Wes
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Interesting, I suppose using brass stock to protect the action from scratches would work. That would keep the action reasonably square to the spindle.
Consider this- indicate the vise so it's 90 degrees to the X axis, put the V blocks up so the barrel is horizontal, tighten the vise so the action is tight.
This would be OK for drilling with no side forces, up next to the action, but milling for a dovetail would make me wonder how rigid it would be without fastening the barrel and V blocks down.
Wes wrote:

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Are you putting both scope mounts and iron sights on it? If so the front dove tail would need support.
I had to think for a while to imagine how a tapered barrel lies in a vee block. My brain told me a line of contact on both side but until I took tapered line up punch and vee blockto verify, I wasn't ready to bet myself money on it.
Can you support the action in the mill vise and then clamp your vee block to an angle plate at the barrel end?
Wes
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Wes wrote:

Dad uses a scope. Eyes aren't good enough for iron.
In this case, the barrel was straight (thank God!) It's a match barrel, and it loves the hell out of Yellow Jackets from Remington. Sorta odd, YJs are not IMHO the classical match ammo in any stretch of the imagination.
Dad simply turned the action 180 and reclamped it to the angle plate to mill out the dovetail for the forearm hanger.

The end of a tapered barrel will touch the sides of a V block at three points at the most, depending on whether the block is square to the table or on a angle plate. On an angle plate, the barrel will touch at each side of the v, along the circumference of the barrel, and at a point on the lower front edge of the muzzle (not exactly, but this is machining, not rocket science).

Sure, you could, but how is one to determine if the bore is parallel to the table?
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In this case the barrel is straight. You could use an indicol and test indicator to tram the side and then top of barrel. A level would get it close enough up and down also for this application.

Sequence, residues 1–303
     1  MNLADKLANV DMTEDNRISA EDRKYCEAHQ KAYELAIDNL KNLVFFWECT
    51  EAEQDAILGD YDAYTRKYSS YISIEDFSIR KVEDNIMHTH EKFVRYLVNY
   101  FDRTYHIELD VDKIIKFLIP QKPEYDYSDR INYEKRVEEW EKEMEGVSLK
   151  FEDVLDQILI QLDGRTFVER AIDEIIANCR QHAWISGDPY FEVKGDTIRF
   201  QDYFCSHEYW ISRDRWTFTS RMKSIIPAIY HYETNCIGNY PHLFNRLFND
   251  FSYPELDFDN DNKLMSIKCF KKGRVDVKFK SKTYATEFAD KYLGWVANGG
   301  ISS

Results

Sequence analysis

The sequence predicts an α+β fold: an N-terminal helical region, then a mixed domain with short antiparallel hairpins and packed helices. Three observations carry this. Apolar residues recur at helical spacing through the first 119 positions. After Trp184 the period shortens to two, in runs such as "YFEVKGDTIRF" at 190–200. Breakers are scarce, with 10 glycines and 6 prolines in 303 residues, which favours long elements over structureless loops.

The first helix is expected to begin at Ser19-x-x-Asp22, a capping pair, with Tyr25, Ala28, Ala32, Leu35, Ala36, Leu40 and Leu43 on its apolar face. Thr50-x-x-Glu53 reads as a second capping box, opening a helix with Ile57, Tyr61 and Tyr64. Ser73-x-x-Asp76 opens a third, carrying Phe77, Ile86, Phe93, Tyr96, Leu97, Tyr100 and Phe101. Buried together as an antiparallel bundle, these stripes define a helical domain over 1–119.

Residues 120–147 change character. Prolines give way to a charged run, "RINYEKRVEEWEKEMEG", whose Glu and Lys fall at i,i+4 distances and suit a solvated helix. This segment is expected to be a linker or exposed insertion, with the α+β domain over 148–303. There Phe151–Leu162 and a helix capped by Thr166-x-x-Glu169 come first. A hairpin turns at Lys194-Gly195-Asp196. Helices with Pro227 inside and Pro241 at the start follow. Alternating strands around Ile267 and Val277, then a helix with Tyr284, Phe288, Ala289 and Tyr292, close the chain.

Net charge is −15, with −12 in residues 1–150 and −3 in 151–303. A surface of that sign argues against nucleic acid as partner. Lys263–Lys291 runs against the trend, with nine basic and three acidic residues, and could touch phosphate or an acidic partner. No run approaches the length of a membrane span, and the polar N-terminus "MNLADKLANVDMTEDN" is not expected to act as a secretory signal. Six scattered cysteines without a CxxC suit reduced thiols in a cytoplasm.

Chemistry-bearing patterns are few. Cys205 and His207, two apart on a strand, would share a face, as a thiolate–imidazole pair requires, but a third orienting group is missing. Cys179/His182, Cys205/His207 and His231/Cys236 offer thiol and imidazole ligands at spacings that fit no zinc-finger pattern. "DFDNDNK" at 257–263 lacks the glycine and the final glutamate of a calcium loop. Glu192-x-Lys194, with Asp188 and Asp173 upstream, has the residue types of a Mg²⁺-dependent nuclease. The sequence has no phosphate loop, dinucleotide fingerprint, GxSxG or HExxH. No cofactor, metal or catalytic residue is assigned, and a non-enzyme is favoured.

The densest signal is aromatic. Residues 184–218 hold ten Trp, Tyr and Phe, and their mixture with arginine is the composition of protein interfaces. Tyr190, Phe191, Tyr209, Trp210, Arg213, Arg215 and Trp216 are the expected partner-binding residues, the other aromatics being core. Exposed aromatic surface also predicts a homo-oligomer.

If you have an edge finder, you can use it to kick off at both ends of barrel until you have the barrel aligned with the table long axis.
If you only have a piece of smooth rod you can clamp in the spindle, use that and feelers to check clearance on side from one extreme to another and then the top. The lenght of that barrel is working in your favor.
Feelers can be paper or whatever you got to work with.
HTH,
Wes
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Well, that does it for a straight barrel. Taper?
Wes wrote:

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I thought about that a bit. I'm embarrassed to admit that indicating a close fitting mandrill or stub sticking out of muzzle is the best I can come up with at the moment. When turning a stub, two separated rings of contact vs the whole lenght in barrel is the way to go.
Wes
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I use these things https://travers.com/htdocs/pdf/0653cat.pdf or a drill press vise to hold Vee blocks in messy setups. The vee block can be raised on an adjustable parallel and the vise can be clamped to the table.
Or make a vee block out of aluminum or such and drill and tap it as necessary for custom setups. I cast mine from scrap hard solder in a wooden mold.
Jim Wilkins